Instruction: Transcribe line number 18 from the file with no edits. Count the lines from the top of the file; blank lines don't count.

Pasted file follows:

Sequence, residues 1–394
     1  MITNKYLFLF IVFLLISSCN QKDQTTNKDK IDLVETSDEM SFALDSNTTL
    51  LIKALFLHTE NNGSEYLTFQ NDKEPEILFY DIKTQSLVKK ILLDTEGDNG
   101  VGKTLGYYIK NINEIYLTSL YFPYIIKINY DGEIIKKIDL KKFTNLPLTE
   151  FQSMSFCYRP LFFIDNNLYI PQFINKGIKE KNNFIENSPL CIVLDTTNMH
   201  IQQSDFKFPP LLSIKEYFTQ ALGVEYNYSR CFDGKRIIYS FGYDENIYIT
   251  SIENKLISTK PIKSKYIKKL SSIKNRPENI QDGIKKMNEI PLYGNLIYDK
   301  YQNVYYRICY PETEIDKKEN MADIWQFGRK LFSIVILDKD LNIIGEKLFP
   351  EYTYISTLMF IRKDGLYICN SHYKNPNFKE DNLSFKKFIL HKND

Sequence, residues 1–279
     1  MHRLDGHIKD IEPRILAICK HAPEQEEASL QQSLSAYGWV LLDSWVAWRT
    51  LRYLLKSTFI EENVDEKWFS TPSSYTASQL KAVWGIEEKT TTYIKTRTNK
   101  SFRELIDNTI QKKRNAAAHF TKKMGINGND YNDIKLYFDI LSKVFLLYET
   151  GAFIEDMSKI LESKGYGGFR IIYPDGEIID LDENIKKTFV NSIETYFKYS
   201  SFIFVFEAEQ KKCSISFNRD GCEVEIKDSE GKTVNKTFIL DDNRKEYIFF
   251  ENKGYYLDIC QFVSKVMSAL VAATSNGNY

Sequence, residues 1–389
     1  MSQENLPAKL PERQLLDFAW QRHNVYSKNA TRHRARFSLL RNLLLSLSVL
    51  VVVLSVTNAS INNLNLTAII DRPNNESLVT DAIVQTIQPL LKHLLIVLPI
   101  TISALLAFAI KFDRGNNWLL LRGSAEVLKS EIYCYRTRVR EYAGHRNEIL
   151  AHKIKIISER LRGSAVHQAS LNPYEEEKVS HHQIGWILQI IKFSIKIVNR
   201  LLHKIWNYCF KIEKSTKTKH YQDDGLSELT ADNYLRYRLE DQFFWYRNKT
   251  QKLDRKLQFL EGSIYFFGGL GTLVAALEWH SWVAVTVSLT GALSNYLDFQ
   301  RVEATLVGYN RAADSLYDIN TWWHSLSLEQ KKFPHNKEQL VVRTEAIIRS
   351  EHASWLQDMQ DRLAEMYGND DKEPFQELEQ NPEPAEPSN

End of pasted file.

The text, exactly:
     1  MSQENLPAKL PERQLLDFAW QRHNVYSKNA TRHRARFSLL RNLLLSLSVL